17/12/06 - Forest!
17/12/2006 - That's a forest

13/12/07 - The forest's gone!
13/12/2007 - The forest's gone!

and the two main Rhinog peaks were looking stunning bathed in the golden sunshine. It’s just a pity that my little point and click camera couldn’t do justice to the view (nor in fact any of the others of the day; such wonderful conditions and I didn’t get a single good photo).
Rhinog Fach and Fawr
Rhinog Fach and Fawr

Rhinog Fawr

Rhinog Fawr in the sunshine

Leaving the Roman Steps a while later to make our way up to Llyn Du the going became noticeably frosty, but nowhere near as icy as it turned out to be as we started climbing up the north side of Rhinog Fawr above the llyn.

Three RAF Hawks on some sort of an air-combat exercise immediately above us held our attention for a while until we decided that it was time to push on, at times being very inelegant over the boulders in trying not to slip on the icy surfaces.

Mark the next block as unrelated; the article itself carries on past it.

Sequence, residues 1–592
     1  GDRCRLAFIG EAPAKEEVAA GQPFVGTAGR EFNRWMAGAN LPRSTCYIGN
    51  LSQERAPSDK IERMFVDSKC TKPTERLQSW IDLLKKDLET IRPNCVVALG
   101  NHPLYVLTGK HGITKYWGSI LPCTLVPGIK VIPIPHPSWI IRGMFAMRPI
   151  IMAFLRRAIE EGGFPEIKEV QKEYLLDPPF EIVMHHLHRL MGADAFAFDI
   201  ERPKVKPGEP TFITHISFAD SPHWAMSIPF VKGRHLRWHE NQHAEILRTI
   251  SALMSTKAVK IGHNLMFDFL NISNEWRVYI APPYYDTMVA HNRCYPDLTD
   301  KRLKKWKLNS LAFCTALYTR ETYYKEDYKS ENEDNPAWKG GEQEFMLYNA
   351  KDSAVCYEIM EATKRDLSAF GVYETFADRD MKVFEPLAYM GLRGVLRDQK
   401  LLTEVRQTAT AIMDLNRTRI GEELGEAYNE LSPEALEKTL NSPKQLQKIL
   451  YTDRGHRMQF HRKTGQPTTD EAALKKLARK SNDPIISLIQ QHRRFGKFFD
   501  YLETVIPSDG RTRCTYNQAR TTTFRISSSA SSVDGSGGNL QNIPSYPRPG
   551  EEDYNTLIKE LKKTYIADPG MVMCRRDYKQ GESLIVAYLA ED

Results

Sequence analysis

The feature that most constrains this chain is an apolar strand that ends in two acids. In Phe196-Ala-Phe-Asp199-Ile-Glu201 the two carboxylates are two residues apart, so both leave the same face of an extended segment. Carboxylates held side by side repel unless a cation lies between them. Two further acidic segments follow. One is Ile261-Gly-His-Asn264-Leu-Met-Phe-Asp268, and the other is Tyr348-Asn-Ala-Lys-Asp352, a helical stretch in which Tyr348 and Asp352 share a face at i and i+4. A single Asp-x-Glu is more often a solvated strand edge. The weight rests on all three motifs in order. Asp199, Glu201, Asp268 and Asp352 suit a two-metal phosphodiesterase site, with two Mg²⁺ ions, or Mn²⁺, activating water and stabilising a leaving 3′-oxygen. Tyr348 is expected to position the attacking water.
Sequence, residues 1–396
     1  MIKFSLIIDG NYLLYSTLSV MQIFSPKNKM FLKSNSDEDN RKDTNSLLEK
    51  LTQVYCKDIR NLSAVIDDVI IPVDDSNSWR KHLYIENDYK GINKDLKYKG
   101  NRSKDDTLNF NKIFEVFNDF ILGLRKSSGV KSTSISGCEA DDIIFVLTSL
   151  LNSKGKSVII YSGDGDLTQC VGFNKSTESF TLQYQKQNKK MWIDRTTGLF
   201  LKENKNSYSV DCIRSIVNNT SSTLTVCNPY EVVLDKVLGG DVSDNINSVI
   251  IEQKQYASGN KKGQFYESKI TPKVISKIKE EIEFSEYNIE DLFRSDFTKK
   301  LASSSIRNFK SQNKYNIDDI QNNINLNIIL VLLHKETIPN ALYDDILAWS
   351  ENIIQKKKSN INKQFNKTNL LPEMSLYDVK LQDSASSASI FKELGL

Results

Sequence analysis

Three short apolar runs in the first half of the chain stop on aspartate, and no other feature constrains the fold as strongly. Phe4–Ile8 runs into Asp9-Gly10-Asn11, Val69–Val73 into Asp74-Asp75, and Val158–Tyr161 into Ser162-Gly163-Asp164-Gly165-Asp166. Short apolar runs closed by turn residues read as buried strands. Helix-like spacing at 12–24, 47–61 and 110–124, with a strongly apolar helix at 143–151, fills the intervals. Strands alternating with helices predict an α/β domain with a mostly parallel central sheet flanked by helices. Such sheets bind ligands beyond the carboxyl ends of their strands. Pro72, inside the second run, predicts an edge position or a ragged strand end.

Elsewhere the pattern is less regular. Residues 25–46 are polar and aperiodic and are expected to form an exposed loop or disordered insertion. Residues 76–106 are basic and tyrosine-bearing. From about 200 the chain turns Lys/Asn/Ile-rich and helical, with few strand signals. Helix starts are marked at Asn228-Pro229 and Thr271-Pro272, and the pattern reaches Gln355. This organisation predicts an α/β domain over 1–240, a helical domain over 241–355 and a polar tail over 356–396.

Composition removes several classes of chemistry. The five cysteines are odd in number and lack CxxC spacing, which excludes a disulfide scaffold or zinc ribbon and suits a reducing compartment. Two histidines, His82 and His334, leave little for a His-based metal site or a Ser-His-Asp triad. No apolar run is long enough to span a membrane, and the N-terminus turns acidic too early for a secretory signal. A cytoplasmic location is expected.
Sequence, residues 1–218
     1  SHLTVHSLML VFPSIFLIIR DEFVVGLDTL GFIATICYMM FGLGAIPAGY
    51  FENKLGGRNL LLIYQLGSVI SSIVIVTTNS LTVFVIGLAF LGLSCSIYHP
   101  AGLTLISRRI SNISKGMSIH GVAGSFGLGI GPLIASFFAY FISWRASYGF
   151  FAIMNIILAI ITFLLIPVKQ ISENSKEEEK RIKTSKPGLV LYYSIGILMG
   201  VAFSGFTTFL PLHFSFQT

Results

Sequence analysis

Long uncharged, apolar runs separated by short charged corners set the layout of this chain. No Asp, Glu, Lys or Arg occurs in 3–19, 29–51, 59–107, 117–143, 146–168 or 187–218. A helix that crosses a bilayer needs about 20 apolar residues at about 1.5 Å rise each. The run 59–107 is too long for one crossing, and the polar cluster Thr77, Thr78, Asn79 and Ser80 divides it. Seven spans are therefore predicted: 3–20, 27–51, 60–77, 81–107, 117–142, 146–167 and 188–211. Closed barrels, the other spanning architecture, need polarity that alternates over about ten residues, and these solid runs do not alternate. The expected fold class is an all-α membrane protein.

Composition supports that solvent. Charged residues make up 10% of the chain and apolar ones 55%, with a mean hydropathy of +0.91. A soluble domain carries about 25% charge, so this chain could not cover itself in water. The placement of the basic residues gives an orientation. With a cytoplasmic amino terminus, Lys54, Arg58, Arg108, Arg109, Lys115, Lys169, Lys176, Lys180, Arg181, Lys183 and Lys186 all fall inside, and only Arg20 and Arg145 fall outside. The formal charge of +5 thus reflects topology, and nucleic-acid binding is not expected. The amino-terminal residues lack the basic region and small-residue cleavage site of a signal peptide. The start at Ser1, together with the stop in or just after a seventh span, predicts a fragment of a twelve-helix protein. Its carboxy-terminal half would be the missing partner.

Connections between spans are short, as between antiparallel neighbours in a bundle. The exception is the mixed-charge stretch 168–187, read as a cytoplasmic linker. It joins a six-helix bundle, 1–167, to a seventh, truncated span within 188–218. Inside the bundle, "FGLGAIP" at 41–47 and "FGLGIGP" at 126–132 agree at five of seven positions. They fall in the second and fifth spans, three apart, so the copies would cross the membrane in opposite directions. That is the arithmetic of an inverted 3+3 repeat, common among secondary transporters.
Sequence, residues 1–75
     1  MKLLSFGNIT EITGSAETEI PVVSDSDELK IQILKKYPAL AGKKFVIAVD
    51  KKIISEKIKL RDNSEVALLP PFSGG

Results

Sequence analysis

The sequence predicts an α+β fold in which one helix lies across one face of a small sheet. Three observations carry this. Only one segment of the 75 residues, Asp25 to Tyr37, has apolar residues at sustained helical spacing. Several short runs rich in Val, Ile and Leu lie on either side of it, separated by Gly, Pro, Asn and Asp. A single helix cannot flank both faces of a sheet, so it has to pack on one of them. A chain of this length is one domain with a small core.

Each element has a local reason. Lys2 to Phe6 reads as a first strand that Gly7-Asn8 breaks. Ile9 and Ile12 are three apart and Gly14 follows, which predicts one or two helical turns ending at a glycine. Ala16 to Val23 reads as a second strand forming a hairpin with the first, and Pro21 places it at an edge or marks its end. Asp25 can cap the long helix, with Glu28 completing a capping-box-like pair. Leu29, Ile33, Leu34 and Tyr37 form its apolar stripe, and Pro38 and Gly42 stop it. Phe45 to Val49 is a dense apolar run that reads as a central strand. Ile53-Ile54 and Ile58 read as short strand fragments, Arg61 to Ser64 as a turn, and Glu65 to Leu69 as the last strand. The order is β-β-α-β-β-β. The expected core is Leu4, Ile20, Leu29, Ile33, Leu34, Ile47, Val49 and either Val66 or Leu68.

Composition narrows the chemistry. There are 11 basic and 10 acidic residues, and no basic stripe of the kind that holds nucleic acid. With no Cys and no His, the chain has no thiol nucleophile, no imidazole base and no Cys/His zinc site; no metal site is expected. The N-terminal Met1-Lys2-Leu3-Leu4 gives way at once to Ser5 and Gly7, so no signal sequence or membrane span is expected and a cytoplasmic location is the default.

Being inelegant on icy rocky bits

Being inelegant!

Things went well (well, except for the bit when I cut my finger on a rock during one minor arm-flailing slip, and then, quite impressively, trod on my own hand a while later (but we’ll gloss over that one)) as we continued on up, admiring the views with many a ‘wow’ and a ‘gosh’.

All the scrambly bits were behind us and we were just on the final bit of incline up to the trig point (i.e. a nice easy bit) when I slipped on an icy rock. It wasn’t a serious slip and I’m not generally one to fall over a lot, so I did what comes naturally in such a situation and flailed my arms around with some force. Unfortunately for Husband he was standing a little too close behind me. I clocked him square across the jaw. He reported that his ear was ringing for the next ten minutes! Ooops. Bit of a clumsy day I was having.